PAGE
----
After Gustave Dore’s Andromeda, 1869 – by Marie C. Lecrivain

Her long hair is a flag of dissonance,
and raises the question, How does the serpent
coil so quickly within?
Her face is partly veiled
under the auburn waterfall,
so let’s dissect the rest of her body
poised in the curve of an aleph,
a comma, a single quote, or half a parentheses,
as if to say, Father god, ‘Please, HELP me).

Look at her delicate feet
shaped to the rocks,
right foot en pointe – or –
let’s pursue the dark thought,
a fulcrum to launch herself
into the jaws of the Kracken.

What would happen if she’d been permitted
to walk unfettered to that craggy boulder
crowned with seaweed and gnawed bones,
if she’d been able to dive into a moment
few of us ever will admit to; the crush,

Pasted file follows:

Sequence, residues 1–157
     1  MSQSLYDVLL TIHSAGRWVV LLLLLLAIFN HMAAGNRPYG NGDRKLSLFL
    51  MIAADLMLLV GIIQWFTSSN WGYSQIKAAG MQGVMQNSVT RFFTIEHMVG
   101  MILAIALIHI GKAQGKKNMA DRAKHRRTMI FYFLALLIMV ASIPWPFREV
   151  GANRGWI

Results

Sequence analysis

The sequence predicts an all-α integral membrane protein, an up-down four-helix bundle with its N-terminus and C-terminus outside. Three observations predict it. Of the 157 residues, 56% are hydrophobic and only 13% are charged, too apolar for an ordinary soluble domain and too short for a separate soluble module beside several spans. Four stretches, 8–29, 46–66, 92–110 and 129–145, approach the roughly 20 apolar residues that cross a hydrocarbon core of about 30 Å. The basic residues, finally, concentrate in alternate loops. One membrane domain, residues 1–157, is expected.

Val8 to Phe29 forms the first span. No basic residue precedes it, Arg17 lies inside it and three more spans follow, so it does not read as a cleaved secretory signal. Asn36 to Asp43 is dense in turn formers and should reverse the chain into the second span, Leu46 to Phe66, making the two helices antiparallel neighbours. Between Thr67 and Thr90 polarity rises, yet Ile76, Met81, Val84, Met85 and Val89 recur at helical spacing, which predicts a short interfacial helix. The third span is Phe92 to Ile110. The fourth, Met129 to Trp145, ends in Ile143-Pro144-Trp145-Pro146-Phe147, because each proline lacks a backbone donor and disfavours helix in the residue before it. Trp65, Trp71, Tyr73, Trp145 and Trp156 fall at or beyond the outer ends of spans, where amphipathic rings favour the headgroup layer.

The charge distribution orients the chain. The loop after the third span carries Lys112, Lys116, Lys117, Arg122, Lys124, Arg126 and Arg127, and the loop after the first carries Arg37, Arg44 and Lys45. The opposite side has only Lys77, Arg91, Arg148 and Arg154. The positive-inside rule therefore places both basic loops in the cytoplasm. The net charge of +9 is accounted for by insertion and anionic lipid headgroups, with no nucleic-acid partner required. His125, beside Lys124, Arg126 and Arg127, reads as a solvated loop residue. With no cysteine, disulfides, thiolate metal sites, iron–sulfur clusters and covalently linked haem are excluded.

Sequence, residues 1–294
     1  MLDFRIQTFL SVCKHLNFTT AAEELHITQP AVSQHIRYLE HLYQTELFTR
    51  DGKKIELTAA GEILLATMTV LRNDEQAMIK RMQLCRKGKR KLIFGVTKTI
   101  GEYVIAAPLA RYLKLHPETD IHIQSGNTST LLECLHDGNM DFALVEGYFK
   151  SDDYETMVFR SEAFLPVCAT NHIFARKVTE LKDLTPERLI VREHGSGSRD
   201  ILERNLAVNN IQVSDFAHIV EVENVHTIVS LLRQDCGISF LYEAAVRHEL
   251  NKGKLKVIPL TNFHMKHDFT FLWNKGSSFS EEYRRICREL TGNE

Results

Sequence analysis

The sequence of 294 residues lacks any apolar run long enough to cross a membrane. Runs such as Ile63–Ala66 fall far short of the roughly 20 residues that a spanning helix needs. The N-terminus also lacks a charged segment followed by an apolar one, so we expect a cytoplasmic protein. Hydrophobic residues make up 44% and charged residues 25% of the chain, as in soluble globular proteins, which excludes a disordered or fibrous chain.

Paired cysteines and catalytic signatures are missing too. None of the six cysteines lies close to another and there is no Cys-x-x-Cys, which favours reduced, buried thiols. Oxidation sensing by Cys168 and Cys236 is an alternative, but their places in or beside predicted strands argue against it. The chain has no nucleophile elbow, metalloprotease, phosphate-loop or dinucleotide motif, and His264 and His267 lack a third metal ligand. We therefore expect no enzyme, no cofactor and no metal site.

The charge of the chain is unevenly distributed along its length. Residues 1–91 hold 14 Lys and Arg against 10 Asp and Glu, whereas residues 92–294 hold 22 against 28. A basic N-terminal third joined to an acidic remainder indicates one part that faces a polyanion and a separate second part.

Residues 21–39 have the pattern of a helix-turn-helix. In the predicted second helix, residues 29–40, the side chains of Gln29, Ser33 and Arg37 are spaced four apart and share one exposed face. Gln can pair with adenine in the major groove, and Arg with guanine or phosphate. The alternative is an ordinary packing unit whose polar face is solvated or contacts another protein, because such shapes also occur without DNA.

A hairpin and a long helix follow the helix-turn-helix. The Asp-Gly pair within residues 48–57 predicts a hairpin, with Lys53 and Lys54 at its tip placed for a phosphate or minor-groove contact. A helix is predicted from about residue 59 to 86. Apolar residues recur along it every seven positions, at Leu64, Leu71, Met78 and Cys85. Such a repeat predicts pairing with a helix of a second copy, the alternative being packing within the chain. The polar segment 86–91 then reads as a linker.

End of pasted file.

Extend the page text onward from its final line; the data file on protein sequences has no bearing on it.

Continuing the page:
and crunch of satiation annihilation brings.

The raised tips of her breasts might yield a clue,
and though we can’t see her eyes,
it’s clear she’s staring death
right in the face.


Marie C Lecrivain is the editor of poeticdiversity: the litzine of Los Angeles, the author of several volumes of poetry and fiction, and fledgling jewelry designer. Her work has appeared in Nonbinary Review, Gargoyle, The Los Angeles Review, Orbis, and many other journals. Her new chapbook, Fourth Planet From the Sun, will be published in late 2017 by Rum Razor Press.